Wi-Fi Protects Visitors During Super Bowl XLII

By Naomi Graychase

February 04, 2008

It couldn't help the Pats offensive line protect its quarterback, but the WLAN deployed by the Phoenix Police Department did help to protect (and to serve) everyone else at the Super Bowl.

Tom Brady may have gotten repeatedly mugged in yesterday’s surprising upset to the NY Giants, but thanks to a Firetide mesh network quietly deployed in the downtown area before the game, the Phoenix Police Department made sure no one else attending Super Bowl XLII did.

 

With more than 200,000 spectators, including visiting dignitaries and U.S. officials—not to mention high-profile celebrities, such as Kurt Russell, Kate Hudson, and Gisele Bundchen—in Phoenix for the big event, the local PD decided to deploy a wireless video surveillance system to help keep tabs on the influx of visitors—and potential terrorists.

 

The secure wireless broadband network transported evidence-grade video from cameras in alleys and other hard-to-surveil places back to two operation centers.

 

“Our Firetide wireless video surveillance system considerably increases the Phoenix Police Department’s situational awareness, response time, and ability to protect the public,” said Chris Jensen, a detective in the city’s Drug Enforcement Bureau, in a press release issued today. “Before we had this system, an incident around the corner could easily escalate into a larger problem before it was even detected. With 360-degree cameras, trained operators are able see incidents as they occur. Our Firetide video network acts as a force multiplier.”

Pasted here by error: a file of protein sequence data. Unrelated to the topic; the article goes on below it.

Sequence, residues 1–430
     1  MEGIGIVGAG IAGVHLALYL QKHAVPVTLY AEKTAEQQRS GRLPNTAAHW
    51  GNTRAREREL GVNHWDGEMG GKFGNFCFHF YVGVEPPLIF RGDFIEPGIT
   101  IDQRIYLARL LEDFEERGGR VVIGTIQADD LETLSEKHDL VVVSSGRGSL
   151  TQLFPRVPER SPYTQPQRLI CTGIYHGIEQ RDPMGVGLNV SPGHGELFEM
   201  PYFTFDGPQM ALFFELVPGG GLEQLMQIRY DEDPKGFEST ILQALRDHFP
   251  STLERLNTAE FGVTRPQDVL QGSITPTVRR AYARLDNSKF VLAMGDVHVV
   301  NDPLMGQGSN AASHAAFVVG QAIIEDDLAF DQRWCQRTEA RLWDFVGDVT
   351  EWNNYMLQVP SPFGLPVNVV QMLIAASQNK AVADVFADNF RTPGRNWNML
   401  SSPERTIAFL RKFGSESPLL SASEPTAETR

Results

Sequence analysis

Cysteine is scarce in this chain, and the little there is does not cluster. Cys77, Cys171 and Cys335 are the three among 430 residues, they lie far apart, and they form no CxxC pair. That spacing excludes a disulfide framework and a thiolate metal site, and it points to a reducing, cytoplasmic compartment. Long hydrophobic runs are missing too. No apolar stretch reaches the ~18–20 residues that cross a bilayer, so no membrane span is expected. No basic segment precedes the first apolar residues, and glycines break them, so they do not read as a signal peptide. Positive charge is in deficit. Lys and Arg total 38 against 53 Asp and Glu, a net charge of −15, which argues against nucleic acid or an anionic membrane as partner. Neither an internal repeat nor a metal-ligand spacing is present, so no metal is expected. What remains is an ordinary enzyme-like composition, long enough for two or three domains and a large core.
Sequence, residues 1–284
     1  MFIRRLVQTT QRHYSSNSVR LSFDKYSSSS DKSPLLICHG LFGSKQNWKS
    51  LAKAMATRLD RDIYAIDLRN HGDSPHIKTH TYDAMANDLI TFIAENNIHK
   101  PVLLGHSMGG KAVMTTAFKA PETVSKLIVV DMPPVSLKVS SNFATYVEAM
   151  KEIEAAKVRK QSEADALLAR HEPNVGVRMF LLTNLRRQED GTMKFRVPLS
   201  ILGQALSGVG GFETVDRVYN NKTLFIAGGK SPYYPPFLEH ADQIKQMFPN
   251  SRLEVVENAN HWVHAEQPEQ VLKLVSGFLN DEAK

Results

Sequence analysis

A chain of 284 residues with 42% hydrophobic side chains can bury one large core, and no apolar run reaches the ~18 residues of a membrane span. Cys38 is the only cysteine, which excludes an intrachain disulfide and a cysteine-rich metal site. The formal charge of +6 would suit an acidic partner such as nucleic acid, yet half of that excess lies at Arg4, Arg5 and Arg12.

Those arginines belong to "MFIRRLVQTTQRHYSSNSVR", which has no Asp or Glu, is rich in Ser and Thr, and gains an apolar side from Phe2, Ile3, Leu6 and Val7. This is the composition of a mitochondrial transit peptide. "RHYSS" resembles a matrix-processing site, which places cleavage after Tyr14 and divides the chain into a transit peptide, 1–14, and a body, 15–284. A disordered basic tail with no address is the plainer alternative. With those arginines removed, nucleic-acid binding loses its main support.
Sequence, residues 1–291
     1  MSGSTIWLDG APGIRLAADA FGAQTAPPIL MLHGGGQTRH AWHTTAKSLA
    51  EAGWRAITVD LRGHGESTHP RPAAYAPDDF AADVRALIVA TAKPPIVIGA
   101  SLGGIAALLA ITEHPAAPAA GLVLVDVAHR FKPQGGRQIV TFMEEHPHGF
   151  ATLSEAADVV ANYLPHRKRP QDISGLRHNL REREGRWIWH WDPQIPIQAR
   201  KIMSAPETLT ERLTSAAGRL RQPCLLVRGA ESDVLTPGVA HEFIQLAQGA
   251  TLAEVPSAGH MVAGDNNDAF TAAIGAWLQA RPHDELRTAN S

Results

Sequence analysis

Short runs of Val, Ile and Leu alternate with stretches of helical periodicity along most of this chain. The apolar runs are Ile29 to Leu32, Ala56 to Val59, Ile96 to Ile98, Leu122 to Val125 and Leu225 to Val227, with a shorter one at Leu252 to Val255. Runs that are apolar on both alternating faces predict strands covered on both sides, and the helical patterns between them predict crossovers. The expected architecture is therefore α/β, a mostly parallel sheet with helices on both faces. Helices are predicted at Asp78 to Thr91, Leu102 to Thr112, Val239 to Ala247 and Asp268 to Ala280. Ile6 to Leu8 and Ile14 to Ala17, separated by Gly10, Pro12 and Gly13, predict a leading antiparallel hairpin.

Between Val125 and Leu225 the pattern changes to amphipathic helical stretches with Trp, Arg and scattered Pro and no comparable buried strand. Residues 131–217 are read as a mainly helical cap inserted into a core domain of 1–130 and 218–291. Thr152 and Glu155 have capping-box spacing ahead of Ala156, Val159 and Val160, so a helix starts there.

Altogether, the WLAN deployed for the Super Bowl included nearly 40 video surveillance cameras positioned in and around downtown Phoenix. Forty Firetide HotPort 6000 mesh nodes wirelessly connected the cameras to operations centers where state, local, and federal public safety agencies worked together to monitor the feeds. Firetide’s HotView Pro management software was used to control the network, which will remain up and running even though the Super Bowl has officially left town. Avrio Group designed the network and collaborated with the police department’s technical personnel on the installation.

 

Prior to Super Bowl XLII, police officers surveyed locations and isolated the points where cameras were to be installed. Since the Phoenix Police Department has used a Firetide wireless video surveillance network in the past to support covert operations and assist in numerous other investigations, the members of the force were able to quickly adjust to the new camera feeds without any extra training or preparation. The installation was done in a matter of weeks.

 

The Phoenix Police Department will continue to use the mesh network, including the cameras, for investigations and video surveillance of the Phoenix area.

 

Naomi Graychase is Managing Editor at Wi-FiPlanet.

Originally published on .

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